Genetic epidemiologic studies of preterm birth: guidelines for research

Craig E. Pennell, Bo Jacobsson, Scott M. Williams, Rebecca M. Buus, Louis J. Muglia, Siobhan M. Dolan, Nils Halvdan Morken, Hilmi Ozcelik, Stephen J. Lye, Caroline Relton

Research output: Contribution to journalReview articlepeer-review

109 Scopus citations

Abstract

Over the last decade, it has become increasingly apparent that the cause of preterm birth is multifactorial, involving both genetic and environmental factors. With the development of new technologies capable of probing the genome, exciting possibilities now present themselves to gain new insight into the mechanisms leading to preterm birth. This review aims to develop research guidelines for the conduct of genetic epidemiology studies of preterm birth with the expectation that this will ultimately facilitate the comparison of data sets between study cohorts, both nationally and internationally. Specifically, the 4 areas addressed in this review includes: (1) phenotypic criteria, (2) study design, (3) considerations in the selection of control populations, and (4) candidate gene selection. This article is the product of discussions initiated by the authors at the 3rd International Workshop on Biomarkers and Preterm Birth held at the University of California, Los Angeles, Los Angeles, CA, in March 2005.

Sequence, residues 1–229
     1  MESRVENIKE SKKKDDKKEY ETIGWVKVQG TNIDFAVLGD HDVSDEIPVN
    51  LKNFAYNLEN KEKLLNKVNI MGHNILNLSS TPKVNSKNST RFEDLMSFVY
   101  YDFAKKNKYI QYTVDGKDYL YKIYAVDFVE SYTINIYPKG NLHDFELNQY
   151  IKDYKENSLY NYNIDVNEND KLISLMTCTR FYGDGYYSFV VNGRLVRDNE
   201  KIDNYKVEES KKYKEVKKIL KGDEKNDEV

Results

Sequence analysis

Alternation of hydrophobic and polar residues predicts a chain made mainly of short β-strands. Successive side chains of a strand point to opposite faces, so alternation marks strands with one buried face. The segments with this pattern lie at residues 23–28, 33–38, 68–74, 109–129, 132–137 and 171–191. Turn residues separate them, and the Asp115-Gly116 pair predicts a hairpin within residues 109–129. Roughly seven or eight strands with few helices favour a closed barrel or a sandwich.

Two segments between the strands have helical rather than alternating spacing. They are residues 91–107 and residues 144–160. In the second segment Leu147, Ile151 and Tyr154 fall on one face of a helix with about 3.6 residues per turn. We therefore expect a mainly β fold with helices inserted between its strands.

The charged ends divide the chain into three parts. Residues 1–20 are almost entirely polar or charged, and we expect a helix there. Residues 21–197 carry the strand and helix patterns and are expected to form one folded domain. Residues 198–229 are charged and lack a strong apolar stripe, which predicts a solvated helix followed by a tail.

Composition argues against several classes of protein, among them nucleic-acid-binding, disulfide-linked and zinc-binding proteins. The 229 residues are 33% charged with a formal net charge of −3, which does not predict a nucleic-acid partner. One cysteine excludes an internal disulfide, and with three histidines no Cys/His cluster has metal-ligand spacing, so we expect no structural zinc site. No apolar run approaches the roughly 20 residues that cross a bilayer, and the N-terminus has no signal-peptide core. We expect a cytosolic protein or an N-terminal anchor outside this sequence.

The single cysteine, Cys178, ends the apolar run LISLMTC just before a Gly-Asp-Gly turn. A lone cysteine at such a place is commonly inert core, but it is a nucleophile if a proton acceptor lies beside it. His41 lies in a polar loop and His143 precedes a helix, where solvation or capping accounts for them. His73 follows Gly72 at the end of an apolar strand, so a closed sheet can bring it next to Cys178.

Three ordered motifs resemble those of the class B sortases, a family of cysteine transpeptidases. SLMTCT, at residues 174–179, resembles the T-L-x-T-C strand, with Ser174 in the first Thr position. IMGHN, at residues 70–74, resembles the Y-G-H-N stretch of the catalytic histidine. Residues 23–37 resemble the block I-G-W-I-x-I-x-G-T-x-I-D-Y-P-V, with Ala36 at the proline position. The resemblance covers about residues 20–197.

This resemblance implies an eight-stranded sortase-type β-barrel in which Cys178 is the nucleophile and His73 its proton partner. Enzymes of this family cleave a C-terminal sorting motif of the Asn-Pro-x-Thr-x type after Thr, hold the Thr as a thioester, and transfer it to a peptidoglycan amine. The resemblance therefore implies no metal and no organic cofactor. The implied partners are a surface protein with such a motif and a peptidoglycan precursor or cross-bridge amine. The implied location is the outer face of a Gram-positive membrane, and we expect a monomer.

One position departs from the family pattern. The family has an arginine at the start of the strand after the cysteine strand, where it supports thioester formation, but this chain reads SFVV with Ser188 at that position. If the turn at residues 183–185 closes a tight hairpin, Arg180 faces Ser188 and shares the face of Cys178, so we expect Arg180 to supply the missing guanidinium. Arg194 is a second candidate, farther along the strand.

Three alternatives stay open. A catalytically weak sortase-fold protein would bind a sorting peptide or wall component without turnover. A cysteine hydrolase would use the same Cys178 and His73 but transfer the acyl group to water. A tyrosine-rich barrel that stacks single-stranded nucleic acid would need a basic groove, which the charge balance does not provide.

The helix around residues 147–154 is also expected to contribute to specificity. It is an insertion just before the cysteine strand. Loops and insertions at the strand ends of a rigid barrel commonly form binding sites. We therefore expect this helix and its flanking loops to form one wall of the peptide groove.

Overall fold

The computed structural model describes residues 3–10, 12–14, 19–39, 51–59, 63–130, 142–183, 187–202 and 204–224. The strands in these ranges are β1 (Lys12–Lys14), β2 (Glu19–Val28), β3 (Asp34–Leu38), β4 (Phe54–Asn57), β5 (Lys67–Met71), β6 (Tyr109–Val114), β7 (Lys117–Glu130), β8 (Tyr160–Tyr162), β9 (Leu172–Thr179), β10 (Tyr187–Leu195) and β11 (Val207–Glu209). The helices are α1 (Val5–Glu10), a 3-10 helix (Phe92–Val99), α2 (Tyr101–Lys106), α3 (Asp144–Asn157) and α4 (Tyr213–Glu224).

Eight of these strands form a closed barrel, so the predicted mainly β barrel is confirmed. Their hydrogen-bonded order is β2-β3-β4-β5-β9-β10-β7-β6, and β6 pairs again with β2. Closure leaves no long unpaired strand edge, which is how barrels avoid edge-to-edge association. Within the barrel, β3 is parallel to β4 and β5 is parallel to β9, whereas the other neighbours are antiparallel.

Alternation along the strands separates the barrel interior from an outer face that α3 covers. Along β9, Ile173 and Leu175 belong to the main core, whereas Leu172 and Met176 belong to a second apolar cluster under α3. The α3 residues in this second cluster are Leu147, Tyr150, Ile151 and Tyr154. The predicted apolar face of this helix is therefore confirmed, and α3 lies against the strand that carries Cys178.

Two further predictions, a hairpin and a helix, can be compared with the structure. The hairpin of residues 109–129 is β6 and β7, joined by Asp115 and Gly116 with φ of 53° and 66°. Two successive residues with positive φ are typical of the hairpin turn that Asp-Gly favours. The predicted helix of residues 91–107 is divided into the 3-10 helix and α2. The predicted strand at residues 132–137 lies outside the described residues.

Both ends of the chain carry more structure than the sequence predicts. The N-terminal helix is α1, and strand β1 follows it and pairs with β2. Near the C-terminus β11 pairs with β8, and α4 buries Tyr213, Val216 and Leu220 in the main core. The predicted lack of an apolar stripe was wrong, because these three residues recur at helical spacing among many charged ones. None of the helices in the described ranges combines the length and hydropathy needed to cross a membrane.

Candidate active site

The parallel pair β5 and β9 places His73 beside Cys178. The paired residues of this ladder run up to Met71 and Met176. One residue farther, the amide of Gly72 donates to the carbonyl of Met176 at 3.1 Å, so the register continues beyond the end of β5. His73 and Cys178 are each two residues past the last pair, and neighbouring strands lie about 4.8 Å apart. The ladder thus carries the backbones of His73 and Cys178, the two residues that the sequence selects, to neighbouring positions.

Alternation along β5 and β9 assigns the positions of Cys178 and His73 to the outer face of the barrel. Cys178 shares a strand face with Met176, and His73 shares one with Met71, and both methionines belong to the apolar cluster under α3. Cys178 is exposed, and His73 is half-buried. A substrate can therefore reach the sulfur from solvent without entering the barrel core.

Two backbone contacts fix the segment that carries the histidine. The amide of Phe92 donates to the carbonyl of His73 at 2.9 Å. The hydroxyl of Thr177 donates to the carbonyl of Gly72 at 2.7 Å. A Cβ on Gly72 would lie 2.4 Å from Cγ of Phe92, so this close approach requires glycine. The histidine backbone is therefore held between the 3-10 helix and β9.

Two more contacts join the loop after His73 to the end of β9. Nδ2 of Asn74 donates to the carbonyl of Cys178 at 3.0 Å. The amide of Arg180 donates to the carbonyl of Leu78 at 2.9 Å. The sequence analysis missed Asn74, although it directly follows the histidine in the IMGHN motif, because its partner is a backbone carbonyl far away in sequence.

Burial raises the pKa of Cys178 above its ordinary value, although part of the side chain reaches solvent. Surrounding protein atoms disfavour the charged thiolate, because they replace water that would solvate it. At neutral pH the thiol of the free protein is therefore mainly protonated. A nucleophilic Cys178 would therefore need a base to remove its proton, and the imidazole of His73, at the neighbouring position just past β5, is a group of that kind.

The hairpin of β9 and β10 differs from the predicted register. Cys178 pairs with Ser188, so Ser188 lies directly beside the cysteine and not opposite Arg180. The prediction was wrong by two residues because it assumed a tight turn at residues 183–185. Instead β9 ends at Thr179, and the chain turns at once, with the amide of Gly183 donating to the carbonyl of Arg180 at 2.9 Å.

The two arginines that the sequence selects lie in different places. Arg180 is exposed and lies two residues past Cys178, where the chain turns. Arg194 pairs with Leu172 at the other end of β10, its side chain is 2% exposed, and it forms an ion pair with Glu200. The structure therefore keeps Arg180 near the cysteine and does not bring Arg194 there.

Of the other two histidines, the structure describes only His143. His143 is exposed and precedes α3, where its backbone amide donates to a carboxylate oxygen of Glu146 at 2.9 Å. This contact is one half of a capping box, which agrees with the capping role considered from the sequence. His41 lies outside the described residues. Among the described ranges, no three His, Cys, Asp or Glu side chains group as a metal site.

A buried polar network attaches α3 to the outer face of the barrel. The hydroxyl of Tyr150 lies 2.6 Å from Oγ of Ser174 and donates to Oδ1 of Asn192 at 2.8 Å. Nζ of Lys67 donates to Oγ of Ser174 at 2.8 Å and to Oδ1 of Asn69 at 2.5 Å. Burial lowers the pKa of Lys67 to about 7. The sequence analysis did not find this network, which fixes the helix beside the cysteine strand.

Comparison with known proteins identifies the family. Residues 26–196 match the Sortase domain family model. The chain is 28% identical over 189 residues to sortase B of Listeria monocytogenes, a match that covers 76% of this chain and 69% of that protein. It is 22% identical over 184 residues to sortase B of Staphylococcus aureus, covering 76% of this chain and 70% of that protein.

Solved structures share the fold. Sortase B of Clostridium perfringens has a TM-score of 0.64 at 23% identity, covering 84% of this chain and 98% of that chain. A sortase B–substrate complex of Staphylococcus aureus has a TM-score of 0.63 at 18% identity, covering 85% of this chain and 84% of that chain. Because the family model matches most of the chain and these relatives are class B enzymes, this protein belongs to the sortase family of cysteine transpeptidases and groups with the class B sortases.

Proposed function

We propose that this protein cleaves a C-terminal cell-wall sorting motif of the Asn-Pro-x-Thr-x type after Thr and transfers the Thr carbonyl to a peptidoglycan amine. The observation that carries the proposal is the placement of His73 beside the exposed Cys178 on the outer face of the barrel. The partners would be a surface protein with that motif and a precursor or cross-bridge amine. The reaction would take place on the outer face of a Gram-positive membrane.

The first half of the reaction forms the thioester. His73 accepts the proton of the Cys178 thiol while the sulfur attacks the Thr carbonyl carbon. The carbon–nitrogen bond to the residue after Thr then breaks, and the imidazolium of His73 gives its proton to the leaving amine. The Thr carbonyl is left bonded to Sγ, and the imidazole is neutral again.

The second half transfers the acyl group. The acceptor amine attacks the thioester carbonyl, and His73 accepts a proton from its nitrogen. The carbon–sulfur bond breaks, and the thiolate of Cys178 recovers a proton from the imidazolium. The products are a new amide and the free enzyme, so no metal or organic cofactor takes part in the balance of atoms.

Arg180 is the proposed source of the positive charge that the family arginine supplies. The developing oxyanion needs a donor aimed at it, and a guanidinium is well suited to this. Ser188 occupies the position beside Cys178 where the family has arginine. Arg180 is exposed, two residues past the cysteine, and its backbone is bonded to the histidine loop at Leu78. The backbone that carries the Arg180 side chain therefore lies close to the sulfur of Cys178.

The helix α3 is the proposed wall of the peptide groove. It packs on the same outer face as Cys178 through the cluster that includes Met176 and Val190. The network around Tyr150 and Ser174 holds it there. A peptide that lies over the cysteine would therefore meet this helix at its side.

Original languageEnglish (US)
Pages (from-to)107-118
Number of pages12
JournalAmerican journal of obstetrics and gynecology
Volume196
Issue number2
DOIs
StatePublished - Feb 2007

Keywords

  • candidate gene
  • control population
  • genetic association study
  • genotype
  • phenotype
  • preterm premature rupture of membranes
  • single nucleotide polymorphism
  • study design

ASJC Scopus subject areas

  • Obstetrics and Gynecology

Fingerprint Dive into the research topics of 'Genetic epidemiologic studies of preterm birth: guidelines for research'. Together they form a unique fingerprint.

Cite this